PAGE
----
So here you are. Tired, annoyed,
disgruntled. You’ve been trying,
and trying, and trying some more.
You’ve worked overtime, spent months working on the same manuscript, endless nights with coffee and a night lamp to study for that one class. And still, nothing. Nada. Zilch.
Nothing to show for your hard work except the bags under your eyes and your dreary aura. You’re stuck in the grind zone. There’s no resolution in sight; all that’s laid out in front of you is more work, on top of more work, with some more work to top it all off.
Shouldn’t there be some reward… by now? Some encouragement, “you’ve made it this far, keep going!” At least some sense of, “halfway there!”
You remember the time you left the starting line on this dream of a better something. You thought to yourself, “Sure, it’ll take hard work and dedication, but it’ll be worth it when I accomplish this.”
But, now you aren’t so sure. The finish line is nowhere in sight. Should you even keep going?
Imagine you are a caveman, and you are
working really hard dragging a sled of
supplies uphill to your cave. You look over at your neighbor and he too is working to get supplies uphill to his cave.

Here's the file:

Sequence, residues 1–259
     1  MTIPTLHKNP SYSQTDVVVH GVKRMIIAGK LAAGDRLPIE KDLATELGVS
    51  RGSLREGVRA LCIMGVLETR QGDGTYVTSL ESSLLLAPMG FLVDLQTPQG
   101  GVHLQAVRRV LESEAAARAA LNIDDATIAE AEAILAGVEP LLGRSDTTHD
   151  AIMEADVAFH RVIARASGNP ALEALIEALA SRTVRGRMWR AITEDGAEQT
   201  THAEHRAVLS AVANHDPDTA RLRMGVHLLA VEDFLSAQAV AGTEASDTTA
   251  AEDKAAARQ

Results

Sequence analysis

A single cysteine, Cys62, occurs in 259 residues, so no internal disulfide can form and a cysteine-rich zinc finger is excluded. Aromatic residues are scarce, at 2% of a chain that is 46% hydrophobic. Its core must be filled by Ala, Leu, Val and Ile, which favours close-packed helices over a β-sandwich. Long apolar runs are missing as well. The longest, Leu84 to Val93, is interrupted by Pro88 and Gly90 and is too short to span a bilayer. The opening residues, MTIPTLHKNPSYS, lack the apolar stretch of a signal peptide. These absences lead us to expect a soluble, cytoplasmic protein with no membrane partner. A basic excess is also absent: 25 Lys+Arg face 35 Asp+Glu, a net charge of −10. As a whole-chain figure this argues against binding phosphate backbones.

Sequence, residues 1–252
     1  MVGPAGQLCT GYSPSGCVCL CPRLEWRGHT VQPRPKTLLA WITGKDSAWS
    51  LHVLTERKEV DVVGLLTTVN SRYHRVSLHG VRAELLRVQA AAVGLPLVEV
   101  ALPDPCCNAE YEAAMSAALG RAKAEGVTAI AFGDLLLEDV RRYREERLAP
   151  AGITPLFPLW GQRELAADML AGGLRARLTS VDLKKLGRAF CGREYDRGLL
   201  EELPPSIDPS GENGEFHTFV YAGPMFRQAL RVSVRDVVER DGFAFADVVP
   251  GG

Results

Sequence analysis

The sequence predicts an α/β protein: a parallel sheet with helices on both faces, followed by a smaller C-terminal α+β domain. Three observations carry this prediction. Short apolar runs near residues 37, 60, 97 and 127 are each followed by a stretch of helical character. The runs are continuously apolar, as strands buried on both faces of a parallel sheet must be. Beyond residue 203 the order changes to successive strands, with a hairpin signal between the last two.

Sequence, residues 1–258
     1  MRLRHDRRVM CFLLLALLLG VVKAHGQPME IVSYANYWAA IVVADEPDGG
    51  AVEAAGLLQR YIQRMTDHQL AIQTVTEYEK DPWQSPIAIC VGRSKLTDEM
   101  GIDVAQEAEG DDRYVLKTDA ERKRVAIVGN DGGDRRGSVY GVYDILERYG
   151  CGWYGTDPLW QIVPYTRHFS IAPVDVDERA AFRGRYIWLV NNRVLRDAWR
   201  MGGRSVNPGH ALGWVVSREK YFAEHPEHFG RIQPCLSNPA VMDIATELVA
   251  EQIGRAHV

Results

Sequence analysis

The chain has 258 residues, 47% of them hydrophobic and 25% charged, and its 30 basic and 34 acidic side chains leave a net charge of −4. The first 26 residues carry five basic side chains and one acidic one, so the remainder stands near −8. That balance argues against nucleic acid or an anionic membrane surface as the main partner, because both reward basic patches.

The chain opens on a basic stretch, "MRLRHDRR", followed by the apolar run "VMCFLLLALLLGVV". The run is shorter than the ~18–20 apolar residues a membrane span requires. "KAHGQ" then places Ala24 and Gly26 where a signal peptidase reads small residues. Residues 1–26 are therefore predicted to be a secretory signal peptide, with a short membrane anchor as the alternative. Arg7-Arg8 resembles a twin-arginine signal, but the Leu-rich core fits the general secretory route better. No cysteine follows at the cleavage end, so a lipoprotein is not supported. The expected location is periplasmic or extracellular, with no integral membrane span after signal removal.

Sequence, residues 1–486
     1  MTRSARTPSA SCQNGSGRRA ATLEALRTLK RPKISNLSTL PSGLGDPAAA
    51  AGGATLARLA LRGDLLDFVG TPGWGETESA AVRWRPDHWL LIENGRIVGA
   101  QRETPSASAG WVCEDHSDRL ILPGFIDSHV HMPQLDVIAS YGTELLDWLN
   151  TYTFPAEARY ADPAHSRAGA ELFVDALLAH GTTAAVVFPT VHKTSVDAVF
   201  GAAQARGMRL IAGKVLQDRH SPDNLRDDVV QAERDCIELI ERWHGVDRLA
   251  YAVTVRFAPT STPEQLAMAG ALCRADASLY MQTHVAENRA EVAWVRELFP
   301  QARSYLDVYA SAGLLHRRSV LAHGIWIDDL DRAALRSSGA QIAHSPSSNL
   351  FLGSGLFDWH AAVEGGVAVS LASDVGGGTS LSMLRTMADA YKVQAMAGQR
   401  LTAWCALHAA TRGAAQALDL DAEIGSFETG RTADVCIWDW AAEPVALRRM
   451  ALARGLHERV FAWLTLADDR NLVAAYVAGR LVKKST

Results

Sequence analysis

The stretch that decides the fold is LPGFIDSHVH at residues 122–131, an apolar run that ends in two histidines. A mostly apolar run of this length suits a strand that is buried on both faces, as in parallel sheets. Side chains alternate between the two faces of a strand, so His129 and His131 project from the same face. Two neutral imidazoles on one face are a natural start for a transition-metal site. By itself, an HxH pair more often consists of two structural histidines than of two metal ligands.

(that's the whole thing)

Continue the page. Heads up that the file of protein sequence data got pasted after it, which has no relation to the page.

… but he has wheels on his cart.
Sometimes, there is an easier way to accomplish your goals. The surprising news from research is that due to a quirk in human perception, you can “put wheels” on your efforts to make real progress toward your goals.
Using the technique I am about to share with you, one person said, “I found it surprising that I could do [what I struggled to do previously, but this time] without a tremendous amount of effort or commitment.”
In their fascinating book, The Power of Moments: Why Certain Experiences Have Extraordinary Impact, Chip and Dan Health show us (among many other things) how we can alter and then leverage our experiences to see greater progress toward our goals.